• The TLS certificate is validated by checking the certificate revocation list signed by the TLS CRL signer. In the diagram in the previous section, it is given as a static file called tls.crl.

Alternatively, the node operator may choose to use its own certificate revocation list infrastructure. However, this setup is out of the scope of the example scenario.

To generate all the artifacts of this scenario, a user needs to pass the correct configuration file to the PKI Tool. The following is the example of the configuration file that will result in generating the above certificate hierarchy:

defaultPassword = "password"
keyStores = {
    "identity-manager-key-store" = {
        type = LOCAL
        file = "./key-stores/identity-manager-key-store.jks"
    }
    "network-map-key-store" = {
        type = LOCAL
        file = "./key-stores/network-map-key-store.jks"
    }
    "subordinate-key-store" = {
        type = LOCAL
        file = "./key-stores/subordinate-key-store.jks"
    }
    "root-key-store" = {
        type = LOCAL
        file = "./key-stores/root-key-store.jks"
    }
    "tls-crl-signer-key-store" = {
        type = LOCAL
        file = "./key-stores/tls-crl-signer-key-store.jks"
    }
}
certificatesStores = {
    "truststore" = {
        file = "./trust-stores/network-root-truststore.jks"
    }
}
certificates = {
    "cordatlscrlsigner" = {
        key = {
            type = LOCAL
            includeIn = ["tls-crl-signer-key-store"]
        }
        isSelfSigned = true
        subject = "CN=Test TLS Signer Certificate, OU=HQ, O=HoldCo LLC, L=New York, C=US"
        includeIn = ["truststore"]
        crl = {
            crlDistributionUrl = "http://127.0.0.1/certificate-revocation-list/tls"
            file = "./crl-files/tls.crl"
            indirectIssuer = true
            issuer = "CN=Test TLS Signer Certificate, OU=HQ, O=HoldCo LLC, L=New York, C=US"
        }
    },
    "cordarootca" = {
        key = {
            type = LOCAL
            includeIn = ["root-key-store"]
        }
        isSelfSigned = true
        subject = "CN=Test Foundation Service Root Certificate, OU=HQ, O=HoldCo LLC, L=New York, C=US"
        includeIn = ["truststore"]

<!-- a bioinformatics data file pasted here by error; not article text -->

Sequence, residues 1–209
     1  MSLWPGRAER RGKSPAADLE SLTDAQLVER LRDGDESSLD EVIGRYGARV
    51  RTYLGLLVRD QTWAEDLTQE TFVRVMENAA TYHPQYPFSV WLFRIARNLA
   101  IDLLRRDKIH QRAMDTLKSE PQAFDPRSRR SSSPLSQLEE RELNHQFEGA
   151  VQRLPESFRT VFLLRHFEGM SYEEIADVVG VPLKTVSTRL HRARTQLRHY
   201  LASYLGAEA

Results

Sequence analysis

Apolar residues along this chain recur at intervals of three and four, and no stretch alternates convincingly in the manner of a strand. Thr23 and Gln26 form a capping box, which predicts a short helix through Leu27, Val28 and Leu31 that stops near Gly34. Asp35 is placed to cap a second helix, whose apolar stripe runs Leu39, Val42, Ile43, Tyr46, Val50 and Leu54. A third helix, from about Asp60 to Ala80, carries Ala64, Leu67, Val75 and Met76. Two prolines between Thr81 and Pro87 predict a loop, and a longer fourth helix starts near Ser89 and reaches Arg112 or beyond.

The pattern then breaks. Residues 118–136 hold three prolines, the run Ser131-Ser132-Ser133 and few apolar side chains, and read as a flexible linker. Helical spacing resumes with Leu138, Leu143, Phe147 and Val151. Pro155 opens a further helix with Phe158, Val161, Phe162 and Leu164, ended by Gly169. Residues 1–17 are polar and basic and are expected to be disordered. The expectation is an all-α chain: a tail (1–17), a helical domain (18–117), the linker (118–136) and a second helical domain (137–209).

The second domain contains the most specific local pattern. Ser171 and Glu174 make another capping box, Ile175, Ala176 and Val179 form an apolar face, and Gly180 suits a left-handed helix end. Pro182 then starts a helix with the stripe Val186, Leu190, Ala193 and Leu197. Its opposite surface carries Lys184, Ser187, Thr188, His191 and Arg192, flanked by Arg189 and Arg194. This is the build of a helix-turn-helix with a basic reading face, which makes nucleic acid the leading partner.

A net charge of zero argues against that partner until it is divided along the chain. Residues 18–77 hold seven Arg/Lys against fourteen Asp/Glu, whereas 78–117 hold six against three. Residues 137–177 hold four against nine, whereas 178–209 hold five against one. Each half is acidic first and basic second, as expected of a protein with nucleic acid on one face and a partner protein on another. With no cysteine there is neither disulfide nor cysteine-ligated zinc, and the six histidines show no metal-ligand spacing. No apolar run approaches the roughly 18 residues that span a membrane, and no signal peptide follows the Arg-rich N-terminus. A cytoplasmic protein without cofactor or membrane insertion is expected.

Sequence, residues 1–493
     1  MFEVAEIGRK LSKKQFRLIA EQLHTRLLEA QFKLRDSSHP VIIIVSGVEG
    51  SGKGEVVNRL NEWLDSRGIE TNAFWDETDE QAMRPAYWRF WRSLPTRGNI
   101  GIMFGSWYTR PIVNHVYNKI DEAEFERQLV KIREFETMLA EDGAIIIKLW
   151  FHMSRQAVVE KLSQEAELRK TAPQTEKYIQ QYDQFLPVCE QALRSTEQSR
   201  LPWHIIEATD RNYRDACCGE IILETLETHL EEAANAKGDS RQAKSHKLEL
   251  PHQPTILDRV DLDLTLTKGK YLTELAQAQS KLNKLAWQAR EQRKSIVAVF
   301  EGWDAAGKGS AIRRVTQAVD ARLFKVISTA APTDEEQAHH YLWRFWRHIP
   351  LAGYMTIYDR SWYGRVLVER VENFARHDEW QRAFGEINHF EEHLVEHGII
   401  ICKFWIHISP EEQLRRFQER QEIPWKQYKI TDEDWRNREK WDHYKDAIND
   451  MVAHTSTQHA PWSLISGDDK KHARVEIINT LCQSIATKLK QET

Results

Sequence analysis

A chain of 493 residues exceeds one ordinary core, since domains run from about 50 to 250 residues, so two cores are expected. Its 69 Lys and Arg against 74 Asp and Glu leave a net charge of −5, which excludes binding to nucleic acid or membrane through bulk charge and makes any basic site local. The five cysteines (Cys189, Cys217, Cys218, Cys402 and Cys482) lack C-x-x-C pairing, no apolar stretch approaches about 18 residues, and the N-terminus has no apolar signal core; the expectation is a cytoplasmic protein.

crl = {
            crlDistributionUrl = "http://127.0.0.1/certificate-revocation-list/root"
            file = "./crl-files/root.crl"
        }
    },
    "cordasubordinateca" = {
        key = {
            type = LOCAL
            includeIn = ["subordinate-key-store"]
        }
        signedBy = "cordarootca"
        subject = "CN=Test Subordinate CA Certificate, OU=HQ, O=HoldCo LLC, L=New York, C=US"
        crl = {
            crlDistributionUrl = "http://127.0.0.1/certificate-revocation-list/subordinate"
            file = "./crl-files/subordinate.crl"
        }
    },
    "cordaidentitymanagerca" = {
        key = {
            type = LOCAL
            includeIn = ["identity-manager-key-store"]
        }
        signedBy = "cordasubordinateca"
        subject = "CN=Test Identity Manager Service Certificate, OU=HQ, O=HoldCo LLC, L=New York, C=US"
        role = DOORMAN_CA
    },
    "cordanetworkmap" = {
        key = {
            type = LOCAL
            includeIn = ["network-map-key-store"]
        }
        signedBy = "cordasubordinateca"
        issuesCertificates = false
        subject = "CN=Test Network Map Service Certificate, OU=HQ, O=HoldCo LLC, L=New York, C=US"
        role = NETWORK_MAP
    }
}

To simplify things even more, the PKI Tool assumes default values as much as possible so the user is only required to provide only essential information to the tool. At the same time, the tool allows for overriding those defaults and have the configuration adjusted to the specific needs of different scenarios.